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Jihadist takeover in Syria's Idlib raises attack prospect

Commentary | 2017-07-24 21:56:33
Jihadist takeover in Syria's Idlib raises attack prospect
   A Syrian man, pictured in May 2017, rides a horse cart in Maaret al-Numan, in the country's northern province of Idlib, a rebel-held region that has so far resisted any attempt at recapture from the Syrian regime
(The Daily Mail)- The jihadist takeover of Syria's key Idlib province raises the prospect that the region could become the next target of the international participants in the country's complex war.

The northern province is one of only two that have fallen from regime control since the war began in March 2011 with anti-government protests.

Why is Idlib important?

Idlib is the only province in Syria that remains entirely beyond regime control after having been captured in 2015 by an alliance of jihadists and rebels named the Army of Conquest.

It borders Turkey and includes the key Bab al-Hawa border crossing, but also sits alongside Latakia province, a stronghold of President Bashar al-Assad's government.

The alliance that captured the province was dominated by Al-Qaeda affiliate Al-Nusra Front and the rebel Ahrar al-Sham, a key Islamist faction backed by neighbouring Turkey and Gulf states.

In the years since the capture, Al-Nusra ostensibly split with Al-Qaeda, renaming itself Fateh al-Sham Front and becoming the backbone of the so-called Hayat Tahrir al-Sham (HTS) coalition.

Despite their one-time alliance, tensions have been growing for months between HTS and non-jihadist forces in the province.

These have been exacerbated by fears inside HTS, designated a "terror" group internationally, of a plan to push it from Idlib.

How did jihadists seize it?

On Sunday, HTS took control of Idlib city, the provincial capital, after its rivals withdrew.

The shock capture followed a truce after days of fighting between the jihadist faction and Ahrar al-Sham.

But it remains unclear if the truce deal officially handed over the city and large stretches of the province elsewhere to HTS.

Better organised and better armed than its rivals, HTS now controls "more than 70 percent" of Idlib province, according to the Syrian Observatory for Human Rights, a Britain-based monitor.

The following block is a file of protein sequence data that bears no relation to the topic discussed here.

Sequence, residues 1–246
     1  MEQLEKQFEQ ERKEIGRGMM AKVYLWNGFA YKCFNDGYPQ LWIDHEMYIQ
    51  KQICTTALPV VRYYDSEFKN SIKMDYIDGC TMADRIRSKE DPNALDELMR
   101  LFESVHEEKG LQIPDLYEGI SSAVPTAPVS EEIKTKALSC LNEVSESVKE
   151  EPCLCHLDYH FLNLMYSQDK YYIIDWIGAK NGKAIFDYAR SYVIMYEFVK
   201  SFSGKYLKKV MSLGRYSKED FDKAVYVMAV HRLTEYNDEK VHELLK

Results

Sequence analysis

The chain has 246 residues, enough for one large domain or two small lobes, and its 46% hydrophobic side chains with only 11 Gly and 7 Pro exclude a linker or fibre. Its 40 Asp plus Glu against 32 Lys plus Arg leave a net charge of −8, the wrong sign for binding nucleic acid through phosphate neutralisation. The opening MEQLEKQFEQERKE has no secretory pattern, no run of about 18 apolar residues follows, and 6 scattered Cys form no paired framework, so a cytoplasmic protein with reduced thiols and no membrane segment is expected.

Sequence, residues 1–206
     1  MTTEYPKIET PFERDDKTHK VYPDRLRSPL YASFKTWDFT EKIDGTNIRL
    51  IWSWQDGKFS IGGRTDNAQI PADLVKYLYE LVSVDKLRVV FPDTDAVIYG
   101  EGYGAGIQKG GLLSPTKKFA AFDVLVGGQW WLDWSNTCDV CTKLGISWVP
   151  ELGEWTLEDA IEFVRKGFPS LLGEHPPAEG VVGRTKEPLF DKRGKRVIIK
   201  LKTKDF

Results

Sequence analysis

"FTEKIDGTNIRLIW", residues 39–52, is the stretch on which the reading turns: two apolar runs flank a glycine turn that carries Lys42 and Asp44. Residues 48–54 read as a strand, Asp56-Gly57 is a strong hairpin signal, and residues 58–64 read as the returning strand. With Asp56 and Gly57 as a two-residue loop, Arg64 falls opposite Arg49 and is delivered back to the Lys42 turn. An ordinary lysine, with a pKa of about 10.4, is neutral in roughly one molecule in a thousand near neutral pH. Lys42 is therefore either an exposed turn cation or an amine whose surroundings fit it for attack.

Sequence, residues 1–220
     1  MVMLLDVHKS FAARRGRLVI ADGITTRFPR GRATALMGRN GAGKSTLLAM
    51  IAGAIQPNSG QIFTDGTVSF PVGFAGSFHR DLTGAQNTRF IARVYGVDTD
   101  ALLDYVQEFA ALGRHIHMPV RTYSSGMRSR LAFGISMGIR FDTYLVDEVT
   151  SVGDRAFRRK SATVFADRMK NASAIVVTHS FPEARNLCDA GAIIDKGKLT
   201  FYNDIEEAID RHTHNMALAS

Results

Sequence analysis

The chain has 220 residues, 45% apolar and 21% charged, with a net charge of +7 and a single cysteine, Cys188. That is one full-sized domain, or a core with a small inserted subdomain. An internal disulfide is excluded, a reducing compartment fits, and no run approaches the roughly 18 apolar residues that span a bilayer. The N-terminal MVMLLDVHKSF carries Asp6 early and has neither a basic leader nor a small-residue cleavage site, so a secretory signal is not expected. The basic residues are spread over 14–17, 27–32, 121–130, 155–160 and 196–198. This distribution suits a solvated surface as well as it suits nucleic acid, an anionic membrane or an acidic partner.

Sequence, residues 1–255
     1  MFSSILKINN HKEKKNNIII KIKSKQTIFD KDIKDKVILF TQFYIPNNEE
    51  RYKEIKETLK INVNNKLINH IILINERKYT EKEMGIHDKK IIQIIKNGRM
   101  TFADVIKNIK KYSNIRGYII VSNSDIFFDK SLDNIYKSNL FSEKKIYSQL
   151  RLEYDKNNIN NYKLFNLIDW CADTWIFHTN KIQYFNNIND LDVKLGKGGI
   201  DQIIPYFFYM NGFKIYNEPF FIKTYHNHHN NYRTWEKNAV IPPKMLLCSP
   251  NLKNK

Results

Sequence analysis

What does this mean for rebels?

Ahrar al-Sham's control is now confined to just a few dozen towns, areas and villages in southern Idlib, a major downgrade of its influence.

"It's pretty debatable whether Ahrar al-Sham even exists any more and it looks like what is left of it is being digested slowly in the stomach acids" of HTS, said Syria analyst Sam Heller of the Century Foundation think tank.

The faction's subjugation comes after a string of major setbacks for Syria's non-jihadist opposition, who have lost large swathes of territory since Russia intervened to bolster Assad's regime in 2015.

"The geographic and political heart of the opposition at this point is in the northwest, and the northwest at this point has just been pretty decisively taken over by this latter iteration of Al-Qaeda," said Heller.

Elsewhere, two other key rebel areas in the south and outside the capital Damascus are now under internationally brokered truce agreements being monitored in part by Russia.

What next for Idlib?

HTS is designated a "terrorist" group by the United Nations, United States, Russia and Turkey.

It is regarded as a jihadist threat second only to the Islamic State group, which is currently facing multiple offensives with international involvement.

Since 2015, Russia has urged opposition supporters to force rebels to part ways with HTS and unite in a fight against jihadists in Syria.

With the lines now clearly drawn on the ground between the former allies, Idlib province could become the next target of an anti-jihadist offensive.

Rumours have circulated for months about a potential Turkish or even Russian attack against HTS in the province.

Analyst Nawar Oliver of the Turkey-based Omran Centre think tank said he did not expect a "major military operation" on Idlib.

"We may see an escalation of coalition air strikes on some HTS positions," he said, referring to the US-led coalition that is currently focused mostly on fighting IS in Syria and Iraq.

He said regime ally Russia could also step up its air strikes.

"But the regime will not be able to mount a ground attack now because it is fighting on many fronts. It cannot open a new front right now."

On Monday, activists expressed fears about the possibility of fresh heavy air strikes on the province and the prospect of civilian casualties.

And many civilians on the ground also fear a total jihadist takeover of the province.

During the clashes between HTS and Ahrar al-Sham, the jihadists twice opened fire on demonstrations against their presence, killing one protester.

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